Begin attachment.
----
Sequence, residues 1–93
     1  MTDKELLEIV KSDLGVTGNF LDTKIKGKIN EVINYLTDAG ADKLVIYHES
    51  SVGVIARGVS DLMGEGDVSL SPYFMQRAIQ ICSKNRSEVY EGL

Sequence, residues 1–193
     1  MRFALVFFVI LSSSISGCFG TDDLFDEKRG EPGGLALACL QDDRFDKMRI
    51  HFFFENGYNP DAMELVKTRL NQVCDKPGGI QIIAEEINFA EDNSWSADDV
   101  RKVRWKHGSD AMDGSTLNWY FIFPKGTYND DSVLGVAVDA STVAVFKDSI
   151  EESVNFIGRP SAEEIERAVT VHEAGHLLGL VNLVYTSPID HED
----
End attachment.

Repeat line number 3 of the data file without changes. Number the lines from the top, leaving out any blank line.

    51  SVGVIARGVS DLMGEGDVSL SPYFMQRAIQ ICSKNRSEVY EGL